- Soil Amendments. Many of our soils in Texas have been eroded and do not have the available mineral content nor the organic matter in them available for agricultural crops to flourish. Bill Mollison was an advocate of adding soft rock minerals to soils to provide crops with needed elements, including soft rock phosphate, agricultural lime for calcium, pelletized sulfur, green sand for potassium and magnesium, and trace minerals. We also add a slow release organic fertilizer in the hole of every tree we plant which is inoculated with mycorrhizal fungi, and beneficial to the roots of most plants.
- Drip Irrigation. Fruit trees in Texas need supplemental water if they are going to flourish and be productive, even when they are perched on a berm just below a swale. The most efficient way to deliver this supplemental water is with drip irrigation. I have become a huge fan of Ewing Irrigation here in Central Texas. Each fruit tree needs about 4 gallons of supplemental water delivered to it every other day from May through early October, or for about 5 months.
- Mulch. At the base of each tree a heavy mulch should be applied annually. Wood chips from trees seems to be what is most readily available for us here in Texas, though if you look around to the north of Austin, from late spring through the summer, wheat straw is available. A good mulch cover will help to keep soil temperatures cooler than the ambient air temperature, suppress weeds, and slow down the evaporation of soil moisture which can be significant under the Texas sun and winds.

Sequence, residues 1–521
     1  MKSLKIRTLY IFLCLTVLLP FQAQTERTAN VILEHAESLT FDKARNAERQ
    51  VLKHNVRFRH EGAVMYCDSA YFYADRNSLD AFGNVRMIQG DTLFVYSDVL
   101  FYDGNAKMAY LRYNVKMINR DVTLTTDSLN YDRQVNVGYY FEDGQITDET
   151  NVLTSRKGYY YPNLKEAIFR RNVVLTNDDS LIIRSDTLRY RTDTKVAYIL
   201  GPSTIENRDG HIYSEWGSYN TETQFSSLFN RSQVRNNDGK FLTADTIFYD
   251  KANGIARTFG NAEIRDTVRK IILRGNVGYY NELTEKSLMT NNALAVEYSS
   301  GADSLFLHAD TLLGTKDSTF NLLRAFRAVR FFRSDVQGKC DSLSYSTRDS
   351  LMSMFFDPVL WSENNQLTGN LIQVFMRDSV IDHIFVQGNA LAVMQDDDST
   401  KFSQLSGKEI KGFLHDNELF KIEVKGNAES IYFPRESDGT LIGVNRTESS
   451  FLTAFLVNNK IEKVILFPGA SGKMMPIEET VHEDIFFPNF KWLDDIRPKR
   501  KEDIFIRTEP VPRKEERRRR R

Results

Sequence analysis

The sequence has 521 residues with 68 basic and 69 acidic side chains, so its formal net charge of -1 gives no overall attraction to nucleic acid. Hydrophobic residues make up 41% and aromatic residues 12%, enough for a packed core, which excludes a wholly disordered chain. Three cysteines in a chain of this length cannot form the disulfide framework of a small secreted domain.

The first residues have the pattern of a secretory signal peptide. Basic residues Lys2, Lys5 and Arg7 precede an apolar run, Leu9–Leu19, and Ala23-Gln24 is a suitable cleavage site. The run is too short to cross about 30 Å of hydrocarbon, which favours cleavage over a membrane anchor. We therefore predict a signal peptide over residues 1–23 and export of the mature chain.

Photos from our September 2018 Permablitz at Proffitt Ranch in Marble Falls, TX
The costs for a permablitz can range anywhere from $700 to $4,000 and is usually paid for by the host site. A commitment from the host site is also needed to finish up any tasks that were not completed during the permablitz – finishing up the irrigation system seems to commonly be one of these tasks. The host site is also expected to provide volunteers with lunch during the work days.
Participating in a permablitz is a great way to meet like-minded people, learn more about sustainable design, and (after attending 3 permablitzes) have a permablitz at your home.
The permablitz schedule is announced on our calendar.
Written by: Kirby Fry – All Images © Woody Welch 2019
Read our 2015 post on Festival Beach here.
Three years after the design and installation of the Festival Beach Food Forest in Austin, Texas, Woody Welch and I had the pleasure of revisiting this amazing parkland food forest. The trees and plants were doing exceptionally well, a wheel chair accessible decomposed granite walkway has since been added, along with several other mulched paths and park benches. Woody got his drone in the air and was able to take some amazing shots of the site showing just how close the food forest is to the center of Austin, Texas.